Vermont News: Emergency Drug Kits in Long-Term Care Facilities

Topics: Long term care facility

Published in the December 2008 Vermont Board of Pharmacy Newsletter

As there has been some confusion regarding emergency drug kits in long-term care facilities, the Board wishes to clarify certain issues pertaining to the physical, labeling, and restocking requirements of such kits.

  1. Emergency kits should contain only those drugs deemed necessary to meet the immediate therapeutic needs of patients and are not available from any other authorized source in sufficient time to prevent risk of harm to patients.
  2. All drugs are properly labeled.
  3. All emergency kit drugs are equipped with a breakable seal, are sealed by a pharmacist, and are secure from unauthorized personnel.
  4. The emergency kits shall be stored in secured areas to prevent unauthorized access and to ensure a proper environment for preservation of drugs in the kits.
  5. The exterior of each emergency kit shall be labeled so as to clearly indicate that it is an emergency drug kit and that it is for use in emergencies only.
  6. The label on the emergency kit shall contain a listing of the drugs contained in the kit, including the name, strength, quantity, and earliest expiration date of the contents. It shall also include the name, address, and telephone number(s) of the supplying pharmacist.
  7. Drugs shall be removed from emergency kits pursuant to a valid prescription drug order only.
  8. Whenever an emergency kit is opened, the supplying pharmacist shall be notified within 24 hours and the pharmacist shall restock and reseal the kit within a reasonable time so as to prevent risk of harm to patients.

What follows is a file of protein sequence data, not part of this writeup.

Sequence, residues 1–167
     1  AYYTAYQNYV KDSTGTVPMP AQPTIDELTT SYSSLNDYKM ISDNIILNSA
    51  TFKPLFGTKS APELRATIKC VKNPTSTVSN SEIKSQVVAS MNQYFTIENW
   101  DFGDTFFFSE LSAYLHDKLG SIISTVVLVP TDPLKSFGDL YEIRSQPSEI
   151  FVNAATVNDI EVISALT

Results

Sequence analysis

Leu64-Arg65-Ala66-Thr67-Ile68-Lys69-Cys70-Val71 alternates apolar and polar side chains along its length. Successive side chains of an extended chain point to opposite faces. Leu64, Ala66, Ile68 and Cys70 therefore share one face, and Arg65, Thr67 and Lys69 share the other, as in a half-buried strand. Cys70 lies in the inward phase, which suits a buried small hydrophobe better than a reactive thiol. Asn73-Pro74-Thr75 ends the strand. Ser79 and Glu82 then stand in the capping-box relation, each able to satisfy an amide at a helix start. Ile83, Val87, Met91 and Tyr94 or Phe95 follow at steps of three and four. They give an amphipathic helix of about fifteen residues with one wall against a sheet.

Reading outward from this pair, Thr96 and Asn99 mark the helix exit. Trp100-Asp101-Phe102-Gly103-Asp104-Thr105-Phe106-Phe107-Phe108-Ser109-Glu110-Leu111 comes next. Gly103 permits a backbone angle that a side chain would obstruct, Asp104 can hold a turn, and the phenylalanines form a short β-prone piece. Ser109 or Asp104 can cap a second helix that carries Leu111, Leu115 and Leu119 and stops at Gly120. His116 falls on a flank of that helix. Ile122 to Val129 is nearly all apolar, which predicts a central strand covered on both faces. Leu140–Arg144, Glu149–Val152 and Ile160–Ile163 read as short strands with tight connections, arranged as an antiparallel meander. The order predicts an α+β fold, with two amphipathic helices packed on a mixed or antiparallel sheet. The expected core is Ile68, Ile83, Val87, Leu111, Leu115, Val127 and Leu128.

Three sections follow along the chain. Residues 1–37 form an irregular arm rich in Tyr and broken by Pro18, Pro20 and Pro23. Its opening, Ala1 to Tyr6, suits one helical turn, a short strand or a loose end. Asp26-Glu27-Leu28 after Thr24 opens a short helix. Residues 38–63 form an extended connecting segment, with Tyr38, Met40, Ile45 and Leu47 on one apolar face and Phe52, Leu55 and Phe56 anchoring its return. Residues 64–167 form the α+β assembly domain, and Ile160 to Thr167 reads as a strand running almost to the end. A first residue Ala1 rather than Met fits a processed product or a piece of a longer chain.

9. The expiration date of an emergency kit shall be the earliest date of expiration of any drug supplied in the kit. Upon the occurrence of the expiration date, the supplying pharmacist shall replace the expired drug.

It is the Board’s intent that the last person to inspect and seal an emergency drug kit must be a pharmacist. This task may not be delegated to a technician or a nurse. To further clarify this point, if the emergency drug kit is to be exchanged in its entirety and leaves the pharmacy after being sealed by a pharmacist, the intent of the rules has been met. If the drugs in the emergency drug kit are individually sealed in tamper-proof containers, such as plastic cubes that are sealed either by plastic locks or tamper-evident tape, then individual drugs may be “swapped” out of kits as long as they are properly labeled and it is done by authorized personnel. If an automated dispensing system is utilized in the long-term care facility, only those systems that are designed to prevent improper placement of medications, such as the Pyxis CUBIE system, may be utilized. Any emergency drug kit system, either conventional or auto¬mated, that requires a nurse or technician at the long-term care facility to replenish the kit with a drug item that has not been pre-sealed in an individual container by a pharmacist, is prohibited. This requirement is to prevent loose unit-dosed medications from being placed in the wrong locations in an emergency drug kit.